Q. Paul, you talked earlier about the necessity of getting good mileage and using strategy to overtake. That's a little bit harder for you because your car automatically has more pounds than some of the other drivers. Has there been any movement from CART on equalizing the driver weights?
PAUL TRACY: No. I haven't actually heard anything. Although, I would love that to happen, because I pay a pretty tremendous weight penalty compared to some other drivers, you know, some less, some more. But I'm not harping about it. It's just a fact of life, and, you know, I just try to do the best that I can and I rely on my own personal strength and know that I'm stronger and I know that I'm fit. I can do a whole race at the speeds that I qualify at. Because of the weight penalty, it's hard to beat the fastest car in qualifying because of my weight versus --
Q. Well, you're automatically a couple of tenths behind.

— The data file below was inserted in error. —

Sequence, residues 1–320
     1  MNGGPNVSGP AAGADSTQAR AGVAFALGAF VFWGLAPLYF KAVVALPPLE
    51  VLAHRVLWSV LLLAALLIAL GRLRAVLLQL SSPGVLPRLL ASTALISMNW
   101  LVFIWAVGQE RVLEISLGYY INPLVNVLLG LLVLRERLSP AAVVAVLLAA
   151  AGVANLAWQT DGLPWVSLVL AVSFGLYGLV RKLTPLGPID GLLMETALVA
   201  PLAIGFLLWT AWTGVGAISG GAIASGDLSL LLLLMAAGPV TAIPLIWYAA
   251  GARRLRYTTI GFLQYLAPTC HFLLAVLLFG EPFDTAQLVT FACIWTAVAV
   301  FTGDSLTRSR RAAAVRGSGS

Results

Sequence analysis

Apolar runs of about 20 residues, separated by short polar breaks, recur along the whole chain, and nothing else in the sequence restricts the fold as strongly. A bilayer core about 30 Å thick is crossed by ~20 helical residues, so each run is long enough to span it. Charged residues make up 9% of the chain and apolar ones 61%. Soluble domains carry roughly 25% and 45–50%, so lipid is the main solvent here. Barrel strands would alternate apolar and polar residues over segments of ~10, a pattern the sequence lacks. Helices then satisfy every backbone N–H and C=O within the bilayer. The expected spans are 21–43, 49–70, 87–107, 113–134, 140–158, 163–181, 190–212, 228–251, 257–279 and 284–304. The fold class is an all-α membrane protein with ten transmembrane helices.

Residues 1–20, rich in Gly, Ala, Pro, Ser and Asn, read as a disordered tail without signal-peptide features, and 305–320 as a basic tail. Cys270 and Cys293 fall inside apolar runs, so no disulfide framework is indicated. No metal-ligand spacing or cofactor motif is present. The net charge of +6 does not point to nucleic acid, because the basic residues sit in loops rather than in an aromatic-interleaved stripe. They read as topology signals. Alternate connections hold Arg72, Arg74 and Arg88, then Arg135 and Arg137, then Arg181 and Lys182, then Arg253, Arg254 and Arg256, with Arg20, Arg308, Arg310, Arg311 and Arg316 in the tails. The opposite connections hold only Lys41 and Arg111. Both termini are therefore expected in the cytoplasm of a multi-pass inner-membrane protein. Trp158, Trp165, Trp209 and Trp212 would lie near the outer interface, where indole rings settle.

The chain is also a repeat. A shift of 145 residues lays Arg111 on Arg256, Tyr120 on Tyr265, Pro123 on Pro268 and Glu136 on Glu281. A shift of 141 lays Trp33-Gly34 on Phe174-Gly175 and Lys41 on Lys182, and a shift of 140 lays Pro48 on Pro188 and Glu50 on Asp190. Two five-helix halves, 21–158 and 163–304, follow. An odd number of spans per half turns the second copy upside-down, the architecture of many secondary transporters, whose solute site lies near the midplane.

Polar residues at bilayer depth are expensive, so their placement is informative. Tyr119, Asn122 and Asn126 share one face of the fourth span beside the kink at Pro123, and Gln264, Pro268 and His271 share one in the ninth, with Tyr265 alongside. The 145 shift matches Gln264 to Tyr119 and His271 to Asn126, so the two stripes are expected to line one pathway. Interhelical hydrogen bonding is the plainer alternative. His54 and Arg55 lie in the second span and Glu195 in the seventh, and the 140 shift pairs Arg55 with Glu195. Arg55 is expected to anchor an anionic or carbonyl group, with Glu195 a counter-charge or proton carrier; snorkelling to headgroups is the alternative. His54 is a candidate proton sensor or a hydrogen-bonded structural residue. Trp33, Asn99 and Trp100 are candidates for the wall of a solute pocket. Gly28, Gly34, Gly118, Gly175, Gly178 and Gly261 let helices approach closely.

PAUL TRACY: I'm already giving them a couple tenths before we even go on the track; so it's hard to be the fastest car. But I know what I can qualify at, I can run that pace all day long, every lap, and that's what I -- you know, that's what I draw from.
Q. It looked on Sunday as though the harder compound really made the track a lot more raceable; was it for you?
PAUL TRACY: Definitely. There was no marbles, which was nice. You do get off-line and try to pass, and it definitely made for a more enjoyable racetrack.
T.E. McHALE: We want to thank Paul Tracy for taking the time to be us with afternoon. Paul, thanks for joining us.
PAUL TRACY: Thank you.
T.E. McHALE: Happy anniversary, once again, to you and Lisa. Best of luck in the Rio 200 and best of luck through the rest of the FedEx Championship Series. Thanks to all of you who made time to join us this afternoon, and we'll talk to you next week.